May 12, 2009
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Retail sales show fastest rise since '06

May 12, 2009

LONDON (Reuters) - Retail sales rose at their fastest rate in three years in April, a survey showed on Tuesday 12 May, but experts cautioned that the figures were flattered by the timing of Easter.

Shoppers on Northumberland Street in Newcastle-upon-Tyne - Photo: REUTERS/Nigel Roddis

There were also tentative signs of an improvement in the housing market where prices in England and Wales fell at their slowest pace in 15 months in the three months to April. New buyer enquiries rose at their fastest pace in a decade, a survey indicated on Tuesday.

The data helped to push the pound up 0.3 percent to $1.5182, edging towards a 4-month peak set last Friday.

The British Retail Consortium said like-for-like sales on the high street jumped 4.6 percent in April compared with the same month a year ago, following a 1.2 percent drop in March.

Total sales, which include new floorspace, rose 6.3 percent on the year, after a 0.6 percent increase in March.

Both April measures were the highest since April 2006.

However, comparisons were difficult to make because Easter fell in April this year but in March last year and there was better weather last month than a year ago.

"A sunny Easter that fell in April this year is the key reason why overall sales are up compared with last year when Easter was in March and miserable," said BRC Director General Stephen Robertson.

Easter can deliver a huge boost to retailers and the BRC figures echo a survey by the Confederation of British Industry, last month which was also unexpectedly strong.

It is unlikely that consumer spending is yet on the road to recovery as Britain faces its worst downturn in more than 60 years. Rising unemployment, weak pay growth and falling property values will also put people off splashing out.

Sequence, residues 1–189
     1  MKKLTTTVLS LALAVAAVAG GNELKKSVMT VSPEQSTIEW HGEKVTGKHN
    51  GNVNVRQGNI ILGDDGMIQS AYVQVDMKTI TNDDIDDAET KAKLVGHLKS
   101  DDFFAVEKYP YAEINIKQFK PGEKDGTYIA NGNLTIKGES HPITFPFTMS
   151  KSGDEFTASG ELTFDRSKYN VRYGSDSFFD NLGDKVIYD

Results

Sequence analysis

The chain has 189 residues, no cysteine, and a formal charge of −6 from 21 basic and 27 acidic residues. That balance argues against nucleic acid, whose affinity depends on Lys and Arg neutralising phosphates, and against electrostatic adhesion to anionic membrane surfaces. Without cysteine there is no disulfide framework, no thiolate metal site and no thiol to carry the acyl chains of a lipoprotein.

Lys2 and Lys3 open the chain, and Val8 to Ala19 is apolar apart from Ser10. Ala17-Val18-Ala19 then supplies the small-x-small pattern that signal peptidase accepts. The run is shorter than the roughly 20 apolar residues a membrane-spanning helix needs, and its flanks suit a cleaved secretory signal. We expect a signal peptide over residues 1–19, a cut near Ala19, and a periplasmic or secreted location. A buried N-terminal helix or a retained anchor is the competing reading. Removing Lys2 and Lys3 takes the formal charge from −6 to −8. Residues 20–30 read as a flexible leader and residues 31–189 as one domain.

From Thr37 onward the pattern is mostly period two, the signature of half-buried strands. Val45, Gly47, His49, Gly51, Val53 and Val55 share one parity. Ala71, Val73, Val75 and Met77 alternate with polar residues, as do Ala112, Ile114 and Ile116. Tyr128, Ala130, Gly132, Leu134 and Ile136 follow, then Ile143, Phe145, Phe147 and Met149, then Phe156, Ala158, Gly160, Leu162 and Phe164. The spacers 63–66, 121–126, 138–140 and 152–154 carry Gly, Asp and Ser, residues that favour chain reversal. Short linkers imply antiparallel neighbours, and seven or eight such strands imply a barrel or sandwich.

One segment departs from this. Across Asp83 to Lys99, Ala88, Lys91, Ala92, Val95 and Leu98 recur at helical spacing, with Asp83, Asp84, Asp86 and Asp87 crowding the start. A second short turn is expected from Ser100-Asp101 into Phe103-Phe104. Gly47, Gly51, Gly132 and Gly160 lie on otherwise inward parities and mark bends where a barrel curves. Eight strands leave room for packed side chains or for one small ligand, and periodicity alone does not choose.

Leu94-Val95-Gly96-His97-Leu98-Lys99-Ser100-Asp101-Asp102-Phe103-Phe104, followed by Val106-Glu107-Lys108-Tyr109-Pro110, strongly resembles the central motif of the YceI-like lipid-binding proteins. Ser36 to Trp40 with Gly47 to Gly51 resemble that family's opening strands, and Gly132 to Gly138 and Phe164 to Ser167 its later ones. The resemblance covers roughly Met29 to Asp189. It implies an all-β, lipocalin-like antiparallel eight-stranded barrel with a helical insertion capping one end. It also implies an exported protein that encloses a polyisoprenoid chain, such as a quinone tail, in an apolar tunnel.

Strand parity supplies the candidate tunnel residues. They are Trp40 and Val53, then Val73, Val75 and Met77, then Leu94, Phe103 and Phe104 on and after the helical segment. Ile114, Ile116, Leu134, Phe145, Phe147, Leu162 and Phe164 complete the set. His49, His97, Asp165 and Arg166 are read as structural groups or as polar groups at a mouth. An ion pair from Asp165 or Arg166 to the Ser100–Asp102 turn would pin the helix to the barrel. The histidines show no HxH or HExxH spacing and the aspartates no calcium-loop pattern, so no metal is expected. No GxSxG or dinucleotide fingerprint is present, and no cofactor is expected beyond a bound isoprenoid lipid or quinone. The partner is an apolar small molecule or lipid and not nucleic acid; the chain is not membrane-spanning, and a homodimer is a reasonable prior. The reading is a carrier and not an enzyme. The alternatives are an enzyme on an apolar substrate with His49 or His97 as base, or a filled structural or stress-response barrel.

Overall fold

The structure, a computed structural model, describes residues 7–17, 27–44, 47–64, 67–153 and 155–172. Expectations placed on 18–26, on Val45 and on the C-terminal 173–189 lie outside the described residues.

"There's no reason to think customers suddenly feel flush or eager to spend. With unemployment set to grow through the rest of the year, mounting jobs worries will hold back spending for some time ... we shouldn't celebrate yet," Robertson said.

In the housing market, the Royal Institution of Chartered Surveyors' monthly house price balance picked up to -59.9 last month, its best showing since January last year, from -72.1 in March. Analysts had forecast a reading of -70.

The balance represents the difference between the percentage of surveyors reporting rising and falling house prices.

New buyer enquiries rose for a sixth consecutive month and at their fastest pace since August 1999, RICS said.

However, industry experts cautioned against reading too much into the data.

"There are tentative signs that the market is starting to pick up but transactions remain at very low levels and we are unlikely to see significant improvement while money remains in short supply and the employment picture is uncertain," said RICS spokesperson Jeremy Leaf.

The findings tally with recent surveys from mortgage lenders suggesting that housing market activity has picked up from last year's record low and prices are falling more slowly.

(Reporting by Fiona Shaikh and Christina Fincher; Editing by Andy Bruce)

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